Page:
If Ian McEwan's Solar isn't on the Hugo ballot next year, it'll be a miscarriage of justice. The two-time Booker Prize winner does something few literary darlings have done before: treat science with respect, as central to the story. Spoilers...
I'm not a huge Ian McEwan fan in general — I read a few of his novels several years ago, and wound up with the feeling that I'd read the same novel a few times in a row. It's also true that he's often better at the vignette than the all-encompassing novel. So I was pleasantly surprised by quite how much I loved Solar, and quite how much a revelation it felt like. This is the literary novel of science that I've been wanting to read for ages.
To be fair, Solar isn't your traditional science fiction novel. There is a huge scientific breakthrough at the center of the book — and if you take away that breakthrough, the book falls apart completely. But at the same time, the book's plot is much more personal, and the central scientific discovery interweaves with the personal storylines in various ways. But it's not the story of how that scientific discovery changes the world, or the dilemmas it brings up, per se. The science is central and speculative, and it's on almost every page, but it's part of the world the main character inhabits.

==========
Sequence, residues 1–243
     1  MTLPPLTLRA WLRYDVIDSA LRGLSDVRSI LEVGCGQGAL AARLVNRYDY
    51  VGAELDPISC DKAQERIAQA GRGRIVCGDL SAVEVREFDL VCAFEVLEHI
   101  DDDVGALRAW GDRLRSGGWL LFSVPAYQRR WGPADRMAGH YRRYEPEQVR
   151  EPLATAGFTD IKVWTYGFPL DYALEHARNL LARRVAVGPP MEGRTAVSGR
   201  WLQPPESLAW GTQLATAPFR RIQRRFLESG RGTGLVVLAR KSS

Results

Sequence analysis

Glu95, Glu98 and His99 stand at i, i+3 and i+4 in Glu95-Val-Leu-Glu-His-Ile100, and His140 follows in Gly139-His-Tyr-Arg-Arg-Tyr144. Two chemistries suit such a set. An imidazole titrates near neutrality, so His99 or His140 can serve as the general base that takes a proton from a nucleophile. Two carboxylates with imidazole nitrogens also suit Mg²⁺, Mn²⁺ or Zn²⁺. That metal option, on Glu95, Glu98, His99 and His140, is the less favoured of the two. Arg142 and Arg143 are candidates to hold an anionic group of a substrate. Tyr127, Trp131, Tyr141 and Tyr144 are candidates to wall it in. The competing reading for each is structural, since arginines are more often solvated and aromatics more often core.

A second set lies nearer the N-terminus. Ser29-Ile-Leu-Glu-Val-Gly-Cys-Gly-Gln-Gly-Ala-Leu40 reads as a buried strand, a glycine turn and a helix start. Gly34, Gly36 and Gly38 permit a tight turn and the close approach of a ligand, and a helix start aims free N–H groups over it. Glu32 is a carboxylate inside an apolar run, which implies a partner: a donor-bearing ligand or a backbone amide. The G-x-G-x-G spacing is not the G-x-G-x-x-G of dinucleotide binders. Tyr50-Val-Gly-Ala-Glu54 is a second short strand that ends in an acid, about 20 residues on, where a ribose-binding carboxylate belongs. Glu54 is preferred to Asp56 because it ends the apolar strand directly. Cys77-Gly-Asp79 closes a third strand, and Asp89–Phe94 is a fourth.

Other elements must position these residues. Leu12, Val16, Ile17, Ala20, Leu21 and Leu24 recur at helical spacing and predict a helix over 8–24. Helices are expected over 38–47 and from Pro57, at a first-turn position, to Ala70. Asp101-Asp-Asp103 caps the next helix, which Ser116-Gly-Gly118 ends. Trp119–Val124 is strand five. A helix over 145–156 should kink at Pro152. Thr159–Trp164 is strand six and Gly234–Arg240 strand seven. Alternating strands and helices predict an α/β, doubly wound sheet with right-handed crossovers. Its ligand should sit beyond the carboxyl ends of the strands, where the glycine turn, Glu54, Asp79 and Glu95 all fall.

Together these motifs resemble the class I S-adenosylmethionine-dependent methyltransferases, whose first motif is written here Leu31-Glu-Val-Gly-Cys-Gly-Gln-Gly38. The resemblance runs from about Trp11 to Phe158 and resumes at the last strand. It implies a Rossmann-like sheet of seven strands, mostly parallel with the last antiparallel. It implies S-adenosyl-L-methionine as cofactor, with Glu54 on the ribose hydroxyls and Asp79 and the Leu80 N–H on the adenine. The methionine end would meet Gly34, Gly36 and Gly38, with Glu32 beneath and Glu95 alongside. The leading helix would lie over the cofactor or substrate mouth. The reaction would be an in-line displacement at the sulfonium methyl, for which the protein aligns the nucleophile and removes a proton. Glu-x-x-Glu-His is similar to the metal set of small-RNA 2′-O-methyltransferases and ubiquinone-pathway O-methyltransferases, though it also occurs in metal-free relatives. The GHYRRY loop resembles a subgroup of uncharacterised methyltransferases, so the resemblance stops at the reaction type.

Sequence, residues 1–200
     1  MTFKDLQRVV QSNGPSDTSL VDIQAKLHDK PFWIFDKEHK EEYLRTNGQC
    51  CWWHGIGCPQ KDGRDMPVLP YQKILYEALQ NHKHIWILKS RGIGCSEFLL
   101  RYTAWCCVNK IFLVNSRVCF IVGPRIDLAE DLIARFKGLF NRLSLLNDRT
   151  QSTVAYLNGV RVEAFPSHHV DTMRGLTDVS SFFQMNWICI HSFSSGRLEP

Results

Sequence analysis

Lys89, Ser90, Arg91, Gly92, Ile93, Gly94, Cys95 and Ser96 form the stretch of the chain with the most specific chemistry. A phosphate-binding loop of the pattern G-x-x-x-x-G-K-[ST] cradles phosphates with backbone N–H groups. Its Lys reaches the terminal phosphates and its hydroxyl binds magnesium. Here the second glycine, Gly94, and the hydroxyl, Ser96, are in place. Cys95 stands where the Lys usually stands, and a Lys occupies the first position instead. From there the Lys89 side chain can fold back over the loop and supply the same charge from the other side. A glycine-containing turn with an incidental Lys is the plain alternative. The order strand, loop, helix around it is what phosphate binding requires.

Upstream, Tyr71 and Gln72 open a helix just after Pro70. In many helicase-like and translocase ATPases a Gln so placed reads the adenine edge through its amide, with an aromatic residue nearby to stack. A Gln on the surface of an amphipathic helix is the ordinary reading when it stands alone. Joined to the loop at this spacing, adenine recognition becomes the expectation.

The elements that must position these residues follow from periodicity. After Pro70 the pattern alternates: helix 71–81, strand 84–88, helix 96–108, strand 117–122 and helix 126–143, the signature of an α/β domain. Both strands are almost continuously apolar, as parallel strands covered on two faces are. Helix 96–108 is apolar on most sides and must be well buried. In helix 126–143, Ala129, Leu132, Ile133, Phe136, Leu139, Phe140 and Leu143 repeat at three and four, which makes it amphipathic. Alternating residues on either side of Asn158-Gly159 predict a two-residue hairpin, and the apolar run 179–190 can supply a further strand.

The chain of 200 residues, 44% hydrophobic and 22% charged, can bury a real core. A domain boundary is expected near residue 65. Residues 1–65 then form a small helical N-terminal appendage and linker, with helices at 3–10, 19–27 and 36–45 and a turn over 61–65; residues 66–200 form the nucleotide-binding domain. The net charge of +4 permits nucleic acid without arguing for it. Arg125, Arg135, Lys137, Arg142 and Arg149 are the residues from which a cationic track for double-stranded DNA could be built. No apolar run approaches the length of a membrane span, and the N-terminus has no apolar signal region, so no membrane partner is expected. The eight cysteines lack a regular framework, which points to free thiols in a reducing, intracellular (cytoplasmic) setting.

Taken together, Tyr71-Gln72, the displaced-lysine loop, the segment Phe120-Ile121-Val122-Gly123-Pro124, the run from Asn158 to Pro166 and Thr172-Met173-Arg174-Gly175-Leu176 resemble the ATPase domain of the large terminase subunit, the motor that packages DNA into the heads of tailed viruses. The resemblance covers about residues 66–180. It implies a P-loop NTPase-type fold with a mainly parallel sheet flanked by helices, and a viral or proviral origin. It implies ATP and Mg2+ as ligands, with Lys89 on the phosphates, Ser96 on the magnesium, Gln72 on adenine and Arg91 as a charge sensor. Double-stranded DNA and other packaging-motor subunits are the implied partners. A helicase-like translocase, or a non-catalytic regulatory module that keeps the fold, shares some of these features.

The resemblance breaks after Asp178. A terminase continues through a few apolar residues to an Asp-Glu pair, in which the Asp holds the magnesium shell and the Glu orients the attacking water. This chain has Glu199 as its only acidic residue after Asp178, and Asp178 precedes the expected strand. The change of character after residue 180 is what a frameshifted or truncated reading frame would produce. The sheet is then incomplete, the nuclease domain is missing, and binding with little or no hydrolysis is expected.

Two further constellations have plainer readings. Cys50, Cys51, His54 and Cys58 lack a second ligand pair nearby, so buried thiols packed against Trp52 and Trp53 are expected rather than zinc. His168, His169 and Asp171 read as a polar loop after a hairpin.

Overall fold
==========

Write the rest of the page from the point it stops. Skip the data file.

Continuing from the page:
But nor is Solar your standard "literary author experiments with science fiction" novel either. Oftentimes, when lit authors venture into the world of SF, they treat it as a new collection of literary tropes, to be played with in some vaguely postmodern fashion. Think of Toby Litt's Journey Into Space, or Jeanette Winterson's Stone Gods. Science fiction provides a set of archetypes, like android lovers or people fleeing the ruins of Earth in a spaceship. Lit authors — just like many SF authors, for that matter — revisit the same story devices as past authors, with the intention of bringing something new to them. But McEwan, refreshingly, isn't interested in the conventions of SF.